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6:10pm

Sat September 17, 2011
Around the Nation

Nine Die, Dozens Injured After Nevada Air Crash

The death toll rises to 9 in Friday's plane crash at a Reno, Nevada, air show. The pilot and at least eight other people died when a World War II-era plane crashed into the crowd. Weekends on All Things Considered host Guy Raz gets the latest from Brian Duggan, a reporter for the Reno Gazette Journal, who's at the site of the crash.

5:06pm

Sat September 17, 2011
Author Interviews

Errol Morris Looks For Truth Outside Photographs

Overgrazed Land. Pennington County, South Dakota (1936) is one of several photographs Arthur Rothstein took to document dry, sun-baked earth of the South Dakota Badlands.
Arthur Rothstein Library of Congress, Prints & Photographs Division, FSA/OWI Collection

Errol Morris is regarded as one of the world's most important filmmakers and is best known for his documentaries The Thin Blue Line and the Oscar-award winning Fog of War.

But before he was a filmmaker, he was a detective and he's always been interested in uncovering the mysteries of photographs. In his new book, Believing Is Seeing, Morris focuses on the things you can't see in photographs and the importance of what lies outside the frame.

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4:37pm

Sat September 17, 2011
U.S.

Do New Voting Laws Suppress Fraud? Or Democrats?

While campaigning to become Kansas' secretary of state, Kris Kobach held a press conference to make the case for a photo ID requirement at the polls. In his argument, he noted that a man named Alfred K. Brewer, who died in 1996, had voted in the 2010 primary.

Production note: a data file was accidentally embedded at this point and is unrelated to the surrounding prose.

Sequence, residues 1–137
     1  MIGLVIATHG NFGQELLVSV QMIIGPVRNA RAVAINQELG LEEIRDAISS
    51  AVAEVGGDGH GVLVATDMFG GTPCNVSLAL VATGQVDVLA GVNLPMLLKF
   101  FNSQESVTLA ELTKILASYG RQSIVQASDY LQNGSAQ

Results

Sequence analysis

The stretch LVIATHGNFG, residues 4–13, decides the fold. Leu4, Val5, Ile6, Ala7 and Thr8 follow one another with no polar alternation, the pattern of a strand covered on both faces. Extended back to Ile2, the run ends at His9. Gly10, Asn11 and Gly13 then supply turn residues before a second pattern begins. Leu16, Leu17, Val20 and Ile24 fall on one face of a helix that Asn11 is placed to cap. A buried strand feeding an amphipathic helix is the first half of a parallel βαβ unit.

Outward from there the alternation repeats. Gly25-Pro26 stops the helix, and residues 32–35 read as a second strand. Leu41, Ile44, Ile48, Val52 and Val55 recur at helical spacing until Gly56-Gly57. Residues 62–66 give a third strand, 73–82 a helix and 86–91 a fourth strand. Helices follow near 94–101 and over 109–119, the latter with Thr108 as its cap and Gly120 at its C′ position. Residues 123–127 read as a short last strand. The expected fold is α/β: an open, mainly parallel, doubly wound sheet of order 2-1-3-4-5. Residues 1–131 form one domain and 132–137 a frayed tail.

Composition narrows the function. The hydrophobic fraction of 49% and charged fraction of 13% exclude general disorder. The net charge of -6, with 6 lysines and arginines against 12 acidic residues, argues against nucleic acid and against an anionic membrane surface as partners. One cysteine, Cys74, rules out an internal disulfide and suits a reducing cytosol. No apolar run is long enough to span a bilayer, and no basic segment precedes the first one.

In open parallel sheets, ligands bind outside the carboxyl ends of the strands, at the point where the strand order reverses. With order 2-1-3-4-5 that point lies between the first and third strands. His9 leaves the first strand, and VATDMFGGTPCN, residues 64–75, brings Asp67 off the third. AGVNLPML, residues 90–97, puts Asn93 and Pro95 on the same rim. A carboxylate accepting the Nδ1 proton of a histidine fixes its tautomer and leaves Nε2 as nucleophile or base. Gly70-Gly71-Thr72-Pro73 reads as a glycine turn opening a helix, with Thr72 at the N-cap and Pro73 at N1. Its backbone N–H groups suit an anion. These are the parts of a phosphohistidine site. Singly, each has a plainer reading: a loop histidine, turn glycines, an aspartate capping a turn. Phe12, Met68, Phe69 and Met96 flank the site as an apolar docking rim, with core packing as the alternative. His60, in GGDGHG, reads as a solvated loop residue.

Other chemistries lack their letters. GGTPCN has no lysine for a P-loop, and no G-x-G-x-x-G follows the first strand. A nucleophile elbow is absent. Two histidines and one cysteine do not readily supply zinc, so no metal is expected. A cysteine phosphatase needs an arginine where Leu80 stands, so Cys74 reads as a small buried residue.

There was just one problem with that: Brewer wasn't dead.

Shortly after the press conference, Brewer's wife received a call regarding her husband's "passing."

"And she says, 'Well, why do you want to talk to me? He's out raking leaves,'" Brewer says.

New Crackdowns

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4:35pm

Sat September 17, 2011
Music Interviews

Hanni El Khatib: Hoop Dreams

Hanni El Khatib's debut album is called Will the Guns Come Out.
Courtesy of the artist

Hanni El Khatib is a budding artist and avid skateboarder from the San Francisco area whose debut album, Will the Guns Come Out, comes out this month. If El Khatib's name sounds familiar, it's probably because his song "I Got a Thing" is being used in one of Nike's global ad campaigns as kind of a modern surf, skate and all-around shredding anthem.

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3:00pm

Sat September 17, 2011
Politics

What Can Obama Do Improve His Approval Rating?

A new New York Times-CBS News poll shows President Obama with an approval rating of 43 percent. That, and other tough news for the president have prompted at least one major Democratic voice, James Carville, to call for a round of White House firings. Weekends on All Things Considered Guy Raz speaks with James Fallows of The Atlantic about what Obama needs to do to right the ship.